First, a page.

GLOBAL MARKETS-Shares rise on European talks hope; euro dips
* Equities up on hope Wednesday meeting to tackle debt crisis
* Skepticism over deal pressures euro; dollar rises
* Bond prices slip as investors doubt outcome
By Herbert Lash
NEW YORK, May 22 (Reuters) - World shares gained for a second consecutive day o n T uesday on hopes European leaders will tackle the region's debt crisis, but the euro fell on doubts that much would come of a meeting just a day away.
European shares gained almost 2 percent while bond prices slid on both sides of the Atlantic over optimism European leaders may devise new measures to foster growth in the euro zone and restore a doubtful market's confidence.
An informal summit of European Union leaders late on W ednesday is expected to discuss the idea of regional bonds jointly underwritten by all euro zone member states.
However, Germany's long-standing opposition is unlikely to change; the country has dismissed the French-led call for the euro zone to issue common bonds.
"The string of summit meetings that have been called to address the euro crisis thus far have more often than not failed to live up to market hopes for quick and decisive action and this one will be no exception," said Shaun Osborne, chief currency strategist at TD Securities in Toronto.
U.S. stocks pared some gains late in the session after a rise in sales of existing U.S. homes to their highest annual rate in nearly two years in April and a decline in foreclosures pushed housing prices higher, adding to a positive tone.
The National Association of Realtors said existing home sales increased 3.4 percent to the highest annual rate since May 2010, while the median price nationwide jumped to $177,400, up 10.1 percent from a year earlier.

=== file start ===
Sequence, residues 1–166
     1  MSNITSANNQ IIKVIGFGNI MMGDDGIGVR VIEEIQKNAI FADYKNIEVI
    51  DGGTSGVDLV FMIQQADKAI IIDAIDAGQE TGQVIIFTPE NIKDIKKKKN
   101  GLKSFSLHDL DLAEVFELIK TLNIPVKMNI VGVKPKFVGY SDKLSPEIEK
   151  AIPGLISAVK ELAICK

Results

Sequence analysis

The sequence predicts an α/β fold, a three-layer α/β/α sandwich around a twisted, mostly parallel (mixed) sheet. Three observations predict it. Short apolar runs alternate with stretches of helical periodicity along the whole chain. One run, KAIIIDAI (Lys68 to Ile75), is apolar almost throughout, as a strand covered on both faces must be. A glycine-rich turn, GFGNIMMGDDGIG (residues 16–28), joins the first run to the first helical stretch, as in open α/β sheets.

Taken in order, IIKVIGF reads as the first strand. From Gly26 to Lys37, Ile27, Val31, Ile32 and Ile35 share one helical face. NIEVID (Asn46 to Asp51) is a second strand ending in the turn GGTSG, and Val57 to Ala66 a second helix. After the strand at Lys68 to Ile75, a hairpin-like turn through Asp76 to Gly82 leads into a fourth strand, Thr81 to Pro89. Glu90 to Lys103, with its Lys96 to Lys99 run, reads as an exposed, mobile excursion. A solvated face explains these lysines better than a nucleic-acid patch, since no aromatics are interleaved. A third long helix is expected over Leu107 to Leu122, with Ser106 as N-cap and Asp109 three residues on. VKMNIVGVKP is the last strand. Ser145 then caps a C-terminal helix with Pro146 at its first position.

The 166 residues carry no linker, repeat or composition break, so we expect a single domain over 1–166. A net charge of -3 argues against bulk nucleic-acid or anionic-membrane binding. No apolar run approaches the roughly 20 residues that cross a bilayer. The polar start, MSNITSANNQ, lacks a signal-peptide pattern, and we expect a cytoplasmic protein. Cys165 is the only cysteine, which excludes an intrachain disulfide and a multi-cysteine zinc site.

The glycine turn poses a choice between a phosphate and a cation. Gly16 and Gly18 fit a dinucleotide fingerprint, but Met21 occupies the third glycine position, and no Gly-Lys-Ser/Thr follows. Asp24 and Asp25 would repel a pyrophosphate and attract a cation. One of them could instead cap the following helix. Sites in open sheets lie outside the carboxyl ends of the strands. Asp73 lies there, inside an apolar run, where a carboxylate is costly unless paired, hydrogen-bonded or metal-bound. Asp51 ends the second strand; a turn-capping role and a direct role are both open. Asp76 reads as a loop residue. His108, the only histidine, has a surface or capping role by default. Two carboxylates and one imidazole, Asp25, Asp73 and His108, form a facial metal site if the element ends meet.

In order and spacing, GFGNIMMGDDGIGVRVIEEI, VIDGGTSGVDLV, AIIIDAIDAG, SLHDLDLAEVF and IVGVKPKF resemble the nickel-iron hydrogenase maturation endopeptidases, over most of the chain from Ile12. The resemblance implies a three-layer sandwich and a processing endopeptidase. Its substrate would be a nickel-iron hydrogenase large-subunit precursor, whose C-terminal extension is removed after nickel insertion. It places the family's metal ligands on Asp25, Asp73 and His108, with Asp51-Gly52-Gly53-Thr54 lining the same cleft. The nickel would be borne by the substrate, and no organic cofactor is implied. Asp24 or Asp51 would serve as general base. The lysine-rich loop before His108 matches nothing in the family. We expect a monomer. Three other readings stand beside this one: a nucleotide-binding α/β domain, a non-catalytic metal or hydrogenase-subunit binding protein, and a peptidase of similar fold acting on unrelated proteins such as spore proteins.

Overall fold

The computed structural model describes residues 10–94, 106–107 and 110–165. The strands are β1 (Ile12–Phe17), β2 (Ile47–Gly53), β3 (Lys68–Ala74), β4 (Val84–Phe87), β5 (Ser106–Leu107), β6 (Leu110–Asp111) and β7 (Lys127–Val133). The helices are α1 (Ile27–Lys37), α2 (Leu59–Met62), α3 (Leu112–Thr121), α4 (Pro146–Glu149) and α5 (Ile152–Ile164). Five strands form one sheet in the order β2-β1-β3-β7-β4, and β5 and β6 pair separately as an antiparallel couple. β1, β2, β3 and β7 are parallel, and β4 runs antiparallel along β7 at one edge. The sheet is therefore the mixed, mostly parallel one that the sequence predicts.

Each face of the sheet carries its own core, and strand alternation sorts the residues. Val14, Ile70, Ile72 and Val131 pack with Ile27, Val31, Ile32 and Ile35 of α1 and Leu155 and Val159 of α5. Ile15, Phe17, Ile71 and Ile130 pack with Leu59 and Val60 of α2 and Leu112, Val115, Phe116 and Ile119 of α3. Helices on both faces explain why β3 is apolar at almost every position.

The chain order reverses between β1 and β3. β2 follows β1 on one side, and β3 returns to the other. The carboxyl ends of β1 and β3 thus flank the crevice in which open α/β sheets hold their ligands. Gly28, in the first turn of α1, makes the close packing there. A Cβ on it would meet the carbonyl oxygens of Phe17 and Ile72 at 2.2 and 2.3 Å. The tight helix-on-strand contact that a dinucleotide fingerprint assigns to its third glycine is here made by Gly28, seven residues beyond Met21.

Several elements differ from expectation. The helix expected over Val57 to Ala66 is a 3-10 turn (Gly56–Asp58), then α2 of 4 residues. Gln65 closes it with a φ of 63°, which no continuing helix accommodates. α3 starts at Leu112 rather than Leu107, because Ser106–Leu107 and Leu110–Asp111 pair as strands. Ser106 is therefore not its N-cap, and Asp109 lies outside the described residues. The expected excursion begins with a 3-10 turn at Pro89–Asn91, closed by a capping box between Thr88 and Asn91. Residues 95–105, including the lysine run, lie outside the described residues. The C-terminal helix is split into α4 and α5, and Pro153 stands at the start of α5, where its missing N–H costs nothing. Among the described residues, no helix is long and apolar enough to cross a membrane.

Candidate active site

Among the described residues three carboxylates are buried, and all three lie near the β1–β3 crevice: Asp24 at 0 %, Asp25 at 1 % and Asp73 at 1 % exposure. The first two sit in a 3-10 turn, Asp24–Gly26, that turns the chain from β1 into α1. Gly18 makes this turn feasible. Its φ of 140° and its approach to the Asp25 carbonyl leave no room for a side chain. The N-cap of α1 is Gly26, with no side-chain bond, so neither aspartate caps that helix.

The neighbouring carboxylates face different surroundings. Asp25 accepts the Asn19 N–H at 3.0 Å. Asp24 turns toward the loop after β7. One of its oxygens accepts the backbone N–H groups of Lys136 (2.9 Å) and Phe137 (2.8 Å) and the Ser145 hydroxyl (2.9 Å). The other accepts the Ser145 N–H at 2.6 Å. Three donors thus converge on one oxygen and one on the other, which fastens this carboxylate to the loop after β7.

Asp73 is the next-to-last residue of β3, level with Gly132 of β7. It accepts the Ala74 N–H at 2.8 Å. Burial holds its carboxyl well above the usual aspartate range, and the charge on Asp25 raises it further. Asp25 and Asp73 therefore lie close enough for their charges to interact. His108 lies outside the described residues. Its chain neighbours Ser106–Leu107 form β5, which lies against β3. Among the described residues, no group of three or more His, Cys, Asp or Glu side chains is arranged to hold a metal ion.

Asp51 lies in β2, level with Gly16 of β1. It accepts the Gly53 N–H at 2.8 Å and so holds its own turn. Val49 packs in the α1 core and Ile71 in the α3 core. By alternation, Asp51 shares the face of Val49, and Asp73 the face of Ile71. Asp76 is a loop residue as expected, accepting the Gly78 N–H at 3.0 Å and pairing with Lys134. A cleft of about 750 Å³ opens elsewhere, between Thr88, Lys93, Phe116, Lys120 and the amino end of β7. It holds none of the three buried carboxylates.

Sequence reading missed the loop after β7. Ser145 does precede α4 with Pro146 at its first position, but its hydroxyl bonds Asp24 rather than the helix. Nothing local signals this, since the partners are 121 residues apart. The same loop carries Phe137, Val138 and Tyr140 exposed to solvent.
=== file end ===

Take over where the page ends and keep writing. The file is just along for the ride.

"We're still a ways from looking at an encouraging picture of the U.S. economy, though when it comes to housing, every little bit helps," said Camilla Sutton, senior currency strategist at Scotia Capital in Toronto.
The Dow Jones industrial average was up 38.78 points, or 0.31 percent, at 12,543.26. The Standard & Poor's 500 Index was up 5.48 points, or 0.42 percent, at 1,321.47. The Nasdaq Composite Index was up 2.98 points, or 0.10 percent, at 2,850.19.
Banking shares led the rally, with four of the top five contributors to the S&P 500's rise being JPMorgan Chase & Co , Wells Fargo Corp, Citigroup Inc and Bank of America. The KBW banking index rose 1.8 percent.
The FTSE Eurofirst index of top European shares rose 1.9 percent to close at 993.67, extending a recovery from five-month lows hit on Mo nday.
MSCI's all-country global equity index was up 0.8 percent to 303.77.
The euro fell amid skepticism Wednesday's talks would yield much progress. The euro was down 0.8 percent against the dollar at $1.2713. The dollar index rose 0.5 percent to 81.503 , rising after three days of losses.
The dollar was boosted in part by a fall in the yen after Fitch ratings agency downgraded Japan on worries about its high level of public debt.
"Tomorrow's meeting will not deliver any landmark solution. The market is likely to be more prone to disappointment," said Matteo Regesta, a strategist at BNP Paribas.
"There's this delusion of a quick fix either via monetary policy with the European Central Bank or via some kind of fiscal decision, but unfortunately this won't happen," Regesta said.
The benchmark 10-year U.S. Treasury note was down 13/32 in price to yield 1.79 percent.
The June Bund future settled 48 ticks lower at 143.09, while German 10-year yields rose 5 basis points to 1.48 percent.
Brent crude, which had earlier risen to over $109 a barrel, eased on signs of a deal with Iran to boost its cooperation over investigating its nuclear program.
Major powers will meet with Iran on Wednesday to discuss its nuclear program after the U.S. Senate on Monday unanimously approved a package of economic sanctions on the country's oil sector.
Brent fell 34 cents to $108.47 a barrel, while U.S. light sweet crude oil fell $1.05 to $91.49 a barrel.
The Reuters/Jefferies CRB Index was down 1.0 percent at 286.81.
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